Gui Sanches de Oliveira & Christopher Riehm
Department of Philosophy, University of Cincinnati & Center for Cognition, Action and Perception, University of Cincinnati / Department of Psychology, University of Cincinnati & Center for Cognition, Action and Perception, University of Cincinnati
Embodiment, Synergies, and the Prospect of Meaningful Shared Experience in Virtual Reality
While in his first book (What Computers Can’t Do, 1972) Dreyfus offered a phenomenologically-inspiredcritique of artifcial intelligence, in his last book (On the Internet, 2009) Dreyfus extended his critique of computer technology to argue that virtual reality cannot provide a rich enough environment for human embodied experience. For Dreyfus, rich embodied experiences such as participating in focal events necessarily offer the possibilities for co-participants to directly express and pick up moods in shared situations and to feel that \they have contributed to their being taken over by a power outside their control” (2009, p. 119); importantly, for him virtual reality technologies available at the time were unable to satisfy these conditions of embodied experience in focal events. In his analysis, Dreyfus focused on Second Life as a prime example of virtual reality. But while participation in Second Life may be limited and mediated by mouse and keyboard, current and future virtual reality technologies use head-, hand- and eye-tracking to allow for immersive and deeply interpersonal experiences. Here we draw from recent research in experimental psychology to propose that, even if Dreyfus was right ten years ago, current and future virtual reality can or will be able to in fact satisfy the conditions Dreyfus identified for rich embodied experience. In the experimental psychology literature, \synergies” refer to \higher-order control systems” formed by the coupling of degrees of freedom in a given system (Riley, Richardson, Shockley and Ramenzoni 2011). Synergies are used explain both intrapersonal coordination (i.e., how different parts of the body work together by forming a unit larger than the parts) and interpersonal coordination (i.e., how different people collaborate in joint action by forming a unit larger than the individuals), and as such synergies can be said to correspond to a way in which the behavior of individual components (body parts or entire persons) are taken over by a larger coordinative structure or `power outside of their control’. We propose that the technological advances characteristic of immersive virtual reality described above afford the possibility of co-participants to form synergies and, therefore, to support the features of rich embodied experiences Dreyfus argued were absent in virtual reality.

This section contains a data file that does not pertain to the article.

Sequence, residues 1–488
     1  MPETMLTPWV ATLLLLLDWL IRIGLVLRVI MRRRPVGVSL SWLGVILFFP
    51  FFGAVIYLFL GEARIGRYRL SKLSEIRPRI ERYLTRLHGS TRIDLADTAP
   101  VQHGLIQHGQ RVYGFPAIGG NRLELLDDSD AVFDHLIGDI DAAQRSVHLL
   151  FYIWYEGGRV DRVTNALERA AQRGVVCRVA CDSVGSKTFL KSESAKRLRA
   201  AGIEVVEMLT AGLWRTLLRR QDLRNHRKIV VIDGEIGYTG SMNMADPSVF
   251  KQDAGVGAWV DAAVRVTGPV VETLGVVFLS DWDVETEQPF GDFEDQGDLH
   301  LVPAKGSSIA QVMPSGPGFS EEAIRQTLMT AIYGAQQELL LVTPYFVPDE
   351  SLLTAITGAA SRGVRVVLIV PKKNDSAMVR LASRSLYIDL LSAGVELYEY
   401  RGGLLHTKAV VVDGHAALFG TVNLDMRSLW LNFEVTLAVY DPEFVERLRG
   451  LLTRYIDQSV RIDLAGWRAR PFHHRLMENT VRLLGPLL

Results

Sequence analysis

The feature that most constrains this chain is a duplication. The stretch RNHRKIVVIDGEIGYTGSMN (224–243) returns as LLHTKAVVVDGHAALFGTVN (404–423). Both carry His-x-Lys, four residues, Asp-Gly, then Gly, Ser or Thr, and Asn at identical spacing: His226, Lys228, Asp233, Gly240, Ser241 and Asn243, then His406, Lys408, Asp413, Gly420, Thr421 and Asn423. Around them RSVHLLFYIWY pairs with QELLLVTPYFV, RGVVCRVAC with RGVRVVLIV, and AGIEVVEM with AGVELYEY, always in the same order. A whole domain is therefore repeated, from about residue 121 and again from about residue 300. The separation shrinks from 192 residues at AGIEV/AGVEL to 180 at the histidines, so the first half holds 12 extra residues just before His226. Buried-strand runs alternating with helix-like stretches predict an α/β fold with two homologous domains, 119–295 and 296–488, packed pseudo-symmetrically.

1. Dreyfus, H. L. (1972/1979). What computers can’t do: The limits of artificial intelligence. Harper & Row.
2. Dreyfus, H. L. (2009/2013). On the internet. Routledge.
3. Riley, M. A., Richardson, M., Shockley, K., & Ramenzoni, V. C. (2011). Interpersonal synergies. Frontiers in psychology, 2, 38.
virtual reality, embodiment, phenomenology, interpersonal synergies